If you haven’t been keeping up with the Vendée Globe, you’ve been missing the race of a lifetime. It’s almost unthinkable that two boats — François Gabart’s MACIF and Armel Le Cléa’h’s Banque Populaire — should have remained within sight of each other for most of the length of the Southern Ocean, but that’s exactly what they’ve done. Since passing Cape Horn on New Year’s Day, the pair have separated a bit — currently by 12 miles — to apply their own strategies for avoiding a large high in the Atlantic.
Jean-Pierre Dick (Virbac Paprec 3) and Alex Thomson (Hugo Boss) were the next to round the final major milestone of the course, with Jean Le Cam (SynerCiel) a good 1,300 miles behind Thomson. Clumped behind him, approaching the final ice gate of the course, are Mike Golding (Gamesa), Dominique Wavre (Mirabaud), Bernard Stamm (Cheminées Poujoulat), Javier Sanso (Acciona) and Arnaud Bossières (Akena Verandas). Just 5,000 miles behind the lead boat, Alessandro di Benedetto in now sailing in the Pacific but he’s been plagued by autopilot problems.
Another first for the event came when Bernard Stamm (Cheminées Poujoulat) became the first person ever to be disqualified from the race. On January 2, a five-person International Jury concluded that Stamm violated the race’s rules, namely receiving outside assistance.
Readers may recall that, on December 22, Stamm had received permission by the race organizers to use his engine to seek shelter at the Auckland Islands, where he would repair two failing hydrogenerators. Shortly after anchoring, Cheminées Poujoulat began dragging in heavy winds toward a Russian research vessel. He radioed the crew to alert them and began making preparations to weigh anchor and secure the boat to the ship. Stamm reported that he’d gone below to turn on some instruments, and when he returned topside, a crewmember from the ship had boarded the boat and was pulling up his anchor. "When I saw him on board, I didn’t not find any reason that could justify to send him back from the board [sic]."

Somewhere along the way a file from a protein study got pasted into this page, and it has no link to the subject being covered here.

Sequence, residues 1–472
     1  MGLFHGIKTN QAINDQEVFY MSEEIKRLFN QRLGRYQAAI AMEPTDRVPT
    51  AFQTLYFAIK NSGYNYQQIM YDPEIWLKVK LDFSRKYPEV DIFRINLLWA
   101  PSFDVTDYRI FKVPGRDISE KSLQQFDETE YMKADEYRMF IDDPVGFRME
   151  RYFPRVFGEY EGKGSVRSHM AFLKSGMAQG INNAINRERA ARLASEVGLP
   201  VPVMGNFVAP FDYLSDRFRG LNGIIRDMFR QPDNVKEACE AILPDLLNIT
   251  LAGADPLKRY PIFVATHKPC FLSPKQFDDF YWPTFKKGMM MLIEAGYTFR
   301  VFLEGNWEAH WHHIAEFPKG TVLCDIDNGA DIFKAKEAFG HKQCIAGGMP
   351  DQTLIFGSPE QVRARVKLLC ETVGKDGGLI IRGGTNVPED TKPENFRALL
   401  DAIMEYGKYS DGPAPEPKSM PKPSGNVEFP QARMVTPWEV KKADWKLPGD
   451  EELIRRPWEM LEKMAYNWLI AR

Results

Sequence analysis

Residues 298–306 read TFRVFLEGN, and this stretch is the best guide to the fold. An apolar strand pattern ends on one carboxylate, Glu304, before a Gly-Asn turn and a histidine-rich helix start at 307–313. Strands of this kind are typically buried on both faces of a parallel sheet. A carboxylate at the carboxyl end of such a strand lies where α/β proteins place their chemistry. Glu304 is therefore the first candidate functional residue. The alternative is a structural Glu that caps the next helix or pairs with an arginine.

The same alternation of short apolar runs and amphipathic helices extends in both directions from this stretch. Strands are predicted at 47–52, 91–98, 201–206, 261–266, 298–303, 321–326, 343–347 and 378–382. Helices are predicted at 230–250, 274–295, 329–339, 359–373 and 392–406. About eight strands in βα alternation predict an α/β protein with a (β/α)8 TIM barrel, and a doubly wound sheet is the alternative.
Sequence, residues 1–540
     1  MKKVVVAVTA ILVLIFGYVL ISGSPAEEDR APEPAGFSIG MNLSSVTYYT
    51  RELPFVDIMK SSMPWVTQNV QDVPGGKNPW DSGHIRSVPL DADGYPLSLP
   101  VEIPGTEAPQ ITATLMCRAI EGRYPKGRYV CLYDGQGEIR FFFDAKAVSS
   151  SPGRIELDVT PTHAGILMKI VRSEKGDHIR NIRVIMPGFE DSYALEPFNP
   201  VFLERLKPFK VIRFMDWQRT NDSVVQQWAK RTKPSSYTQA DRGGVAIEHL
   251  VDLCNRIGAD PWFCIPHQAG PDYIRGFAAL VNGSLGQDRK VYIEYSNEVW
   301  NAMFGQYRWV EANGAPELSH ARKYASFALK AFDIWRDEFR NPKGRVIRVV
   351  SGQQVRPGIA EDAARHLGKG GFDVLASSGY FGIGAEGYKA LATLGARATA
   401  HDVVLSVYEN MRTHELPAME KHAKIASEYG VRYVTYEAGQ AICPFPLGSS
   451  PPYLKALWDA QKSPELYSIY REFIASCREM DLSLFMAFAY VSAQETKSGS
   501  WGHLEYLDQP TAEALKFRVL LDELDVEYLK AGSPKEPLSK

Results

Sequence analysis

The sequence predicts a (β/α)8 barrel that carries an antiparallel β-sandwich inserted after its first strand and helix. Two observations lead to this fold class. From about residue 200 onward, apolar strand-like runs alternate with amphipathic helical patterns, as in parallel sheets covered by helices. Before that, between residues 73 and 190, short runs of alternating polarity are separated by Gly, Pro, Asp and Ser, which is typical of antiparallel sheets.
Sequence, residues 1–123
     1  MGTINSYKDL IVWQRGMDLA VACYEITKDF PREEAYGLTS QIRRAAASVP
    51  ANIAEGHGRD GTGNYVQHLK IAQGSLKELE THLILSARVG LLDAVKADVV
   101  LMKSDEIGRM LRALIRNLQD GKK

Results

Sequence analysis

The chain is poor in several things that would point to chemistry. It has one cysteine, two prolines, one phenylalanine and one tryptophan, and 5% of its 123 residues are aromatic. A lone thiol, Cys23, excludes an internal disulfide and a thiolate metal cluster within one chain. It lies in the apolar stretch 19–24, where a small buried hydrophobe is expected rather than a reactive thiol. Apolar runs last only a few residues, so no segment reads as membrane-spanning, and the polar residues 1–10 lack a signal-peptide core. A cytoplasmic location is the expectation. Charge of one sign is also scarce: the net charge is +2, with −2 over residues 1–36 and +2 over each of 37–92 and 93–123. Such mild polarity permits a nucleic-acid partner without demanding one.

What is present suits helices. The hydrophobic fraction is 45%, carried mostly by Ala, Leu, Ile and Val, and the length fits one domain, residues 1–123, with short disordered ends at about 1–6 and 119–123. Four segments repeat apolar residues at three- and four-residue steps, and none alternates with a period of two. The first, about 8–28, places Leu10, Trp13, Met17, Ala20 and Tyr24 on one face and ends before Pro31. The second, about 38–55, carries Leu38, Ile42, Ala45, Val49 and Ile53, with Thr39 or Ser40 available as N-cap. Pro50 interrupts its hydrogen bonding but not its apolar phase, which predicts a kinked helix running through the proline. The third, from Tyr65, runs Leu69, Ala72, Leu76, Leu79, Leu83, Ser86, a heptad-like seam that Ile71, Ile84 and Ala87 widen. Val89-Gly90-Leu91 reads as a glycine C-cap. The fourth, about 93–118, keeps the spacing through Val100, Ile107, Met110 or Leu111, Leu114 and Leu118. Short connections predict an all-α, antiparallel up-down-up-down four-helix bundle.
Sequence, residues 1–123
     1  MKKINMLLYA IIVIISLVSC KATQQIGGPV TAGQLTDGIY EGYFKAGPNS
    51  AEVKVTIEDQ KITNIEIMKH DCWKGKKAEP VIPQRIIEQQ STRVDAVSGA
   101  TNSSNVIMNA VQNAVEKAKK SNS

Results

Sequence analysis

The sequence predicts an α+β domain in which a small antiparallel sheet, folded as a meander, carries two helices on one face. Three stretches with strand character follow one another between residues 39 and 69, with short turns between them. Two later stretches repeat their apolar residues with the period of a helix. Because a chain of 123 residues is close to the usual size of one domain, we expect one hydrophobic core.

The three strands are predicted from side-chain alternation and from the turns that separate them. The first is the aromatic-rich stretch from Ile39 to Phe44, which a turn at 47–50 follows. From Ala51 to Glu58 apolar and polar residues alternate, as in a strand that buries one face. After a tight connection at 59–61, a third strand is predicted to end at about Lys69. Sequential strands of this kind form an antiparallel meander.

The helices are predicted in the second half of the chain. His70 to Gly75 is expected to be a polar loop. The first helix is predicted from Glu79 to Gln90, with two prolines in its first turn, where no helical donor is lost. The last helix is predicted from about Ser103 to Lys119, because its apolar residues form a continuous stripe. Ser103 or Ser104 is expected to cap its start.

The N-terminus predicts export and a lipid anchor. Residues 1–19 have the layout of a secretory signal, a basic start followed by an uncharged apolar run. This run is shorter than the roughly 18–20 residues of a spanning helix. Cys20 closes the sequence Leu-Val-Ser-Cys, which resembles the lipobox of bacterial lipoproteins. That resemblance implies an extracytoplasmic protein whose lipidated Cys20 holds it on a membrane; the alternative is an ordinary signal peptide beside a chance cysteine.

Undoubtedly the situation was dire, and Stamm did what he did to save his boat, but allowing the crewman to stay aboard the boat and that mooring to the ship are clear violations of the race’s rules, which strictly prohibit both. The jury’s decision — which we have to believe was a difficult one for them to make — has created an uproar in the sailing community, especially amongst Stamm’s fellow racers, who have been very vocal in their support of the Swiss sailor. Stamm is appealing the decision, asking for the jury to take into consideration testimony from the ship’s crew.
In the meantime, Stamm has put the pedal to the metal and has been the fastest boat in the fleet for the last few days. Considering this is his third attempt to finish the Vendée Globe, it would be a shame if the DSQ stands, but regardless, he’s vowed to soldier on to the finish.